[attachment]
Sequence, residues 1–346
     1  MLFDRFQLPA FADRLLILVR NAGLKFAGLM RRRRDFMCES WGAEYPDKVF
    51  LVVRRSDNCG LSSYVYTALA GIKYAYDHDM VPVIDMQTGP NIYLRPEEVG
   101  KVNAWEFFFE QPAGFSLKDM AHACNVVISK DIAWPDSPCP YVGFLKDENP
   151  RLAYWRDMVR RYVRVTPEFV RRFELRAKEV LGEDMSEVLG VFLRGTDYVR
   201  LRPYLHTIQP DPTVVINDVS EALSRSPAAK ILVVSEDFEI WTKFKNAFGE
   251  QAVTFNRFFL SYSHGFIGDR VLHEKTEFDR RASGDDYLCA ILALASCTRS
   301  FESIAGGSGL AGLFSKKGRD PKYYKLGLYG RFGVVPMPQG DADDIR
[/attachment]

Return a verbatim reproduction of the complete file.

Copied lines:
Sequence, residues 1–346
     1  MLFDRFQLPA FADRLLILVR NAGLKFAGLM RRRRDFMCES WGAEYPDKVF
    51  LVVRRSDNCG LSSYVYTALA GIKYAYDHDM VPVIDMQTGP NIYLRPEEVG
   101  KVNAWEFFFE QPAGFSLKDM AHACNVVISK DIAWPDSPCP YVGFLKDENP
   151  RLAYWRDMVR RYVRVTPEFV RRFELRAKEV LGEDMSEVLG VFLRGTDYVR
   201  LRPYLHTIQP DPTVVINDVS EALSRSPAAK ILVVSEDFEI WTKFKNAFGE
   251  QAVTFNRFFL SYSHGFIGDR VLHEKTEFDR RASGDDYLCA ILALASCTRS
   301  FESIAGGSGL AGLFSKKGRD PKYYKLGLYG RFGVVPMPQG DADDIR